When it comes to food labels, thereâ€™s more than meets the eye. Supermarket shelves are filled with rows and rows of products all screaming their own nutritional praises – even the most health-conscious shopper can become stumped. IÂ set the record straight on common, yet confusing- health food buzz words.
Donâ€™t be misled: the term organic is not regulated in Australia and the only way to guarantee youâ€™re eating organic is to look for the magic word ‘certified’. Anything labelled certified organic has been reviewed by certifying bodies, such as the Organic Food Chain (OFC).
Expert Advice: Not every food is necessarily better when organic. Most research shows no significant differences in key vitamin and mineral content in organic foods. Research has shown some organic foods have lower nitrate levels, higher vitamin C and selenium levels. However, there are other benefits of consuming organic foods, such as animal welfare and sustainability factors to consider.
GI refers to the speed at which carbohydrates are absorbed into the body and raise the glucose (sugar) readings in the blood.
Expert Advice: GI can be used as a guide to healthy eating, as long as you are aware of the limitations. For example, the GI of some fruits, vegetables and cereals can be higher than foods that are considered to be treats, such as biscuits, chocolates and cakes. Both the serving size of foods and the nutritional quality of the diet are just as important to consider.
I’m sure you know this one by now. Low fat refers to the reduced fat content in the food â€“ to replace the fat, sugar, flavours, and additives are typically added to boost flavour.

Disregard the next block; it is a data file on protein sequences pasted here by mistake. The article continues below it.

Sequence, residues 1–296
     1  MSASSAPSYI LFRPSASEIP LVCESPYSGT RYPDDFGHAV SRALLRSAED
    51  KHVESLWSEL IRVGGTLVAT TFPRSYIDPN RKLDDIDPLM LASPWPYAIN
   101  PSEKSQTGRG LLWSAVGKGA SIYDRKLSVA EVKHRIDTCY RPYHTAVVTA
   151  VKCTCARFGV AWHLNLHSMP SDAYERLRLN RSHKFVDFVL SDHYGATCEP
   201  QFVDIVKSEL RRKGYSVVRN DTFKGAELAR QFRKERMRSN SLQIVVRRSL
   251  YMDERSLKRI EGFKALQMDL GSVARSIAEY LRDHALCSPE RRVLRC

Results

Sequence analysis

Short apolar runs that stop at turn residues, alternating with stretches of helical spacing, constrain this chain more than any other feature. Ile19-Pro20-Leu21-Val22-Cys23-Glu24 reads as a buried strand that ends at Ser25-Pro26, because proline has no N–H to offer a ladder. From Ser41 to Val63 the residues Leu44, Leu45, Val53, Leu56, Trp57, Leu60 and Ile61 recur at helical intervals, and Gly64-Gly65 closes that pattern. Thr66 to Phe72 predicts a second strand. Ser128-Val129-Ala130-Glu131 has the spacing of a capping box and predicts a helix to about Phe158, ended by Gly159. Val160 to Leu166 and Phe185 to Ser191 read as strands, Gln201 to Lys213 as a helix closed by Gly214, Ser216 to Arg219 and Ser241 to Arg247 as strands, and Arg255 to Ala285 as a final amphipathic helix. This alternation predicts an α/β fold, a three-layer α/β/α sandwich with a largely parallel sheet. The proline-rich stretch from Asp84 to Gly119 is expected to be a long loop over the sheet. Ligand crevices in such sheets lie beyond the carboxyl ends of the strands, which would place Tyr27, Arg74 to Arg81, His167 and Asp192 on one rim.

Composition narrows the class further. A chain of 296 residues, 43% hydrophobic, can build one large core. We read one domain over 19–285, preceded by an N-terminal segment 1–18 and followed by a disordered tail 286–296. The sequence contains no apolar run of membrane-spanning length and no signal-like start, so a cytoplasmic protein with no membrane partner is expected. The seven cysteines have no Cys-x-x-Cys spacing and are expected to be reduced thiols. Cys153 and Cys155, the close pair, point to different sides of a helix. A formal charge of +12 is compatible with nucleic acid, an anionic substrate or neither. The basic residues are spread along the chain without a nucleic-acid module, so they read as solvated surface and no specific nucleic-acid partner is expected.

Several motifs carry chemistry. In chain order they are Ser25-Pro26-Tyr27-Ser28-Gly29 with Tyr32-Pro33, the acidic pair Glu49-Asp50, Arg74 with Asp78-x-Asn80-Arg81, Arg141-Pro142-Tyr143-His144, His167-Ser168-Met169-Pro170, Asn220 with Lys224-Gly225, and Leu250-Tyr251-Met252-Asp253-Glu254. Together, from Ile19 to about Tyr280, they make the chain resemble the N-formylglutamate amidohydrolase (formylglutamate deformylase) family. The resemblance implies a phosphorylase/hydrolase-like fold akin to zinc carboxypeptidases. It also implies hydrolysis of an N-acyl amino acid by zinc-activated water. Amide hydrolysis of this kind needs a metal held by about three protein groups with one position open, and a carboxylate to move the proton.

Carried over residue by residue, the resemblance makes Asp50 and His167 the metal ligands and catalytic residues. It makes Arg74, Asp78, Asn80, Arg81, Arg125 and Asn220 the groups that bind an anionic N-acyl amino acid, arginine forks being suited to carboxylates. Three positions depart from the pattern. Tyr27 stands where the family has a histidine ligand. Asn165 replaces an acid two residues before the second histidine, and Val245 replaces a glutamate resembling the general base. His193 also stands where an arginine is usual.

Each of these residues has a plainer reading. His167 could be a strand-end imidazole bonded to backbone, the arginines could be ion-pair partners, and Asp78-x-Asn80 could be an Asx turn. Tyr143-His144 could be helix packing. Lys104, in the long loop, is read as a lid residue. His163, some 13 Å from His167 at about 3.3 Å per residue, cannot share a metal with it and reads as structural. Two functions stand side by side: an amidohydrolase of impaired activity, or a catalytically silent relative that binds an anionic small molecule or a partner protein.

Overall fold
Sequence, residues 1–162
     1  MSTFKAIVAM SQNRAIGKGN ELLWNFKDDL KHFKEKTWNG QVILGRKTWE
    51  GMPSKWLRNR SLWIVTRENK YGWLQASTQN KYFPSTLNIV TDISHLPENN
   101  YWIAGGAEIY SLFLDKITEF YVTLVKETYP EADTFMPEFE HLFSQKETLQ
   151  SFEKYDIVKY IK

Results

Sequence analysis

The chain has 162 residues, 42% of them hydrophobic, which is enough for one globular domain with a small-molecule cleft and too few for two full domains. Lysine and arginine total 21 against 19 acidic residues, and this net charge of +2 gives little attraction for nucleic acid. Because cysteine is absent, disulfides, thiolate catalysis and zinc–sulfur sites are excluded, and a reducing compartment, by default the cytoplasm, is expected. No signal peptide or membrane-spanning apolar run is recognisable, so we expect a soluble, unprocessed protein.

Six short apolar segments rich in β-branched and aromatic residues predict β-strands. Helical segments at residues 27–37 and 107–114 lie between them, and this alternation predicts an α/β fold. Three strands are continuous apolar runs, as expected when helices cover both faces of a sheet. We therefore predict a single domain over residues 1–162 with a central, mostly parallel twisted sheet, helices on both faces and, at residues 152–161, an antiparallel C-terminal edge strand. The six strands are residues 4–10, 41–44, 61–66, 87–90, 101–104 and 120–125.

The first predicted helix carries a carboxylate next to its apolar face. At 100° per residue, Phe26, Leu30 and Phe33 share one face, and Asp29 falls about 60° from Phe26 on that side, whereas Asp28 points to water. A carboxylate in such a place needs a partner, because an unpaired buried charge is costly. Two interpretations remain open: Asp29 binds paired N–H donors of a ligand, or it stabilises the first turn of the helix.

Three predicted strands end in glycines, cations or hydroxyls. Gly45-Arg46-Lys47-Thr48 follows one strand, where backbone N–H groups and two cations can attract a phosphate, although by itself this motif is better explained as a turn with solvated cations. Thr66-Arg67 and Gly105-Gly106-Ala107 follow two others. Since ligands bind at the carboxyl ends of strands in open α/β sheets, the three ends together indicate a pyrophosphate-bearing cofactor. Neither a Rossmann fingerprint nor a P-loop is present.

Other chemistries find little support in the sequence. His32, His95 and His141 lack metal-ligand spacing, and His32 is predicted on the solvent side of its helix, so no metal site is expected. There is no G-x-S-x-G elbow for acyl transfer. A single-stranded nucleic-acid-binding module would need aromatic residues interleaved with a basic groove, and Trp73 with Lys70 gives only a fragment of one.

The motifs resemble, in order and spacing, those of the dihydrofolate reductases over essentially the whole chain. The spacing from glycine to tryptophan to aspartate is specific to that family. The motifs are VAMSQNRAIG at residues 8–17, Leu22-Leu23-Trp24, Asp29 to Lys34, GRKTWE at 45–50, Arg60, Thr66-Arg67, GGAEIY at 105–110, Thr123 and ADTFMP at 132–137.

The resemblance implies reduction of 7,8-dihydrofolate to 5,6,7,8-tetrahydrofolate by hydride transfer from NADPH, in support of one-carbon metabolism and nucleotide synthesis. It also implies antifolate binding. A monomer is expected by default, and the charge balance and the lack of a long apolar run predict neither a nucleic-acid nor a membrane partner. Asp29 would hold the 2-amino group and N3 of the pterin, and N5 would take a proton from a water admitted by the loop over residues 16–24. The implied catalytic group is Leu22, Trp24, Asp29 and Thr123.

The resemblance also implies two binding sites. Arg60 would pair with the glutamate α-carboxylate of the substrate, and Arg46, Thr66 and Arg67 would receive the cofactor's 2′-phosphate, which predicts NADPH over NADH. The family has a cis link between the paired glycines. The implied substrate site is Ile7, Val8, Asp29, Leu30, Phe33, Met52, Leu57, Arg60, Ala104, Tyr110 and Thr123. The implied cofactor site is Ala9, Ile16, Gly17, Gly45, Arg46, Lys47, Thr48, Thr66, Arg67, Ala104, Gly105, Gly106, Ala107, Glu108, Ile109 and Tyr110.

Expert Advice: Low fat doesnâ€™t mean low in kilojoules or sugar. Avoid added sucrose, glucose and trans fats. As always, read the label.
High in Antioxidants
If a product is labelled as containing a high level of antioxidants, it’s been fortified with non-naturally occurring compounds. Commonly, iron and vitamins B and D are added to bread and milk. Other antioxidants, like vitamins A, C and E, along with zinc and selenium, can be found in modified foods such as cereals, vegetable oils and soy products.
Expert Advice: These fortified supplements do not replace a bad diet â€“ they only â€˜top it upâ€™. And taking higher than recommended doses of some vitamins may cause problems. For example, the vitamins A, D, E and K are fat soluble, which means they are stored in the body and at high levels can be toxic. Excessive doses of some minerals may also cause problems, for example, iron toxicity which can cause an upset stomach.
When labelled â€œnaturally sweetenedâ€, a product has been sweetened with plant derivatives such as stevia or xylitol.
Expert Advice: Like anything sweet, moderation is key. These sweeteners taste like sugar but are lower in kilojoules. Remember that natural alternatives still go through a chemical refining process.
This article was originally published in elle.com.au